- Where in the overall world map is this area?
- Is it old or new?
- Why are these objects here?
- Is there a waterway (stream/river/dried up river bed)
- Was the area cleared or is it naturally dense?
- Have the trees been cut down?
- How do people get in and out of the area?
To re-enforce the suspension of disbelief, the layout should be believable. There are a few ways to help support this:
Functionality: As opposed
to randomly placing objects and structures to serve the need for an effective
Combat Zone, keep in mind that the layout has to technically be functional and
ultimately believable. For example, if it is some sort of storage warehouse,
then how do items get loaded and unloaded? Can everything fit through the
History: How long has this area
existed? If it is old, does the layout reflect this (broken/disarray)? Thinking
through the history of the layout helps to feed ideas about structures and
their state. If it is an old area, could you just walk in through the front
door? Is it overgrown? Is it broken? Maybe another way in through a collapsed
part of a perimeter wall would fit better with the age of the layout.
- Mini-story: Nothing breaks the illusion more than enemies that are mindlessly patrolling obvious loops or standing and idling (read: waiting to be killed). What is their role? What should they be doing when you enter the area? If they just arrived are they setting up camp and unloading? If they have been there for a while, what do they do to kill time?
The idea is to create a believable environment that simply isn't a random assembly of objects strictly serving the purpose of creating an effective Combat Zone.
Controlling The Challenge
Kill Zone on the move
As the player gets used to the concept of a Kill Zone, the game play still runs the risk of becoming stale if each Combat Zone feels as predictable and static as the last. This is especially true if the player is simply 'pop and shooting' from the sort of Defensive Zone throughout the course of the fight.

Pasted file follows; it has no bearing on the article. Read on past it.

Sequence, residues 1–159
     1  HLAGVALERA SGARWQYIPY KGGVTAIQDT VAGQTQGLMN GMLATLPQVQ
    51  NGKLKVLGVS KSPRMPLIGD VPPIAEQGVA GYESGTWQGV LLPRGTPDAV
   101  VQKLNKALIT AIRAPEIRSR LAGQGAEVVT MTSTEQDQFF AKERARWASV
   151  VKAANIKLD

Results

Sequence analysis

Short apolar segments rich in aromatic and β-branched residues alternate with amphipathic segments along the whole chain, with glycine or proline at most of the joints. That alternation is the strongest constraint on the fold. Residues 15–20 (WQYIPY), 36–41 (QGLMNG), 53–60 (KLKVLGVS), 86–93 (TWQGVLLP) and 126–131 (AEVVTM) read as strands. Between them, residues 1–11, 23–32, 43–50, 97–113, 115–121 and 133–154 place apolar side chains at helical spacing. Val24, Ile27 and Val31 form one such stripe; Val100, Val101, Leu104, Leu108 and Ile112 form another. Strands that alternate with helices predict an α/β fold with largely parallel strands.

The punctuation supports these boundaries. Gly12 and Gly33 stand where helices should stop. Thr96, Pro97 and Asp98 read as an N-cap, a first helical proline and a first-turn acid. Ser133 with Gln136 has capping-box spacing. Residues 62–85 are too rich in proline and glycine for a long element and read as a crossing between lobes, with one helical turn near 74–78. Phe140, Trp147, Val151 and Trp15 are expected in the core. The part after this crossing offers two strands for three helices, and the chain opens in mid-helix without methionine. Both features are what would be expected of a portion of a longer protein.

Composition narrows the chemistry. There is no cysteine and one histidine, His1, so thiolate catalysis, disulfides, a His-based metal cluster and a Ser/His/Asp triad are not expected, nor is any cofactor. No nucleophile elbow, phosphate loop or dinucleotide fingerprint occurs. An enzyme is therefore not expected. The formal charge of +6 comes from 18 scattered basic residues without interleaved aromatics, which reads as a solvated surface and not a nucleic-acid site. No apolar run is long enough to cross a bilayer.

Designing Kill Zones that change angles and positions forces the player to find a new Defensive Zone. This helps to create the impression of a dynamic world along believably intelligent AI.
Ways that this can be achieved:
- Stage alternate positions in which reinforcements enter the Combat Zone so that players are not mowing down enemies one after another from the same angle.
- Note that this should be an event that this presented to the player.
- Destructible element changes the playfield; great if it is a gameplay object that the player is aware of.
- AI 'fallback' and 'charge'; the Kill Zone moving forward and back within the Combat Zone depending if the player is whittling their numbers down (AI fallback), or if there has been a standoff for sometime (AI charge)
Risk and reward
There is nothing wrong with letting the player feel empowered, even if it is for a short period of time. The hunted becoming the hunter for a short period of time armed to the teeth; not unlike Pac-Man eating a power pellet.
Within the layout, consider the placement of objects/items that would give the player a huge advantage in the battle. For example; an RPG with a few shots prominently displayed in the middle of the Kill Zone; the player can then choose to stay put and play it safe, or try risking his life sprint out and dive for the RPG.
Last but most importantly of all is planning for ways to stage the Combat Zone in a way that they stand out from each other. The level designer is faced with the challenge of presenting the same gameplay that, end-to-end, maybe lasts less than 30 seconds -- over the course of a 10+ hour experience.
Even with the understanding of what is needed to support a fun and engaging combat experience, pushing further on adding variety to the core combat experience is needed to extend the experience.
Adding a Twist - Unique Staging
Consider the elements that make up the core mechanics and challenge the player on one or more. The player can:
- Take cover
- Get Hurt
By either giving the player a positive perk for one or a negative perk can help to create a memorable experience.
With that in mind a negative perk could be an area that is filled with thick smoke that limits the player's ability to see. Or having a stampede of massive dinosaurs creates areas that cause damage and slow the player's movement.
Positive perks also give the player a memorable twist to the combat experience. A moment where the player comes across a huge pile of explosives as they are suddenly attacked by a hoard of dinosaurs give the player the chance to blow up and gib till the heart's content.
Summing it All Up
It all starts with the Napkin Sketch; plan for these key elements early on.
Ask yourself: "What will players remember about this battle that is different than others?"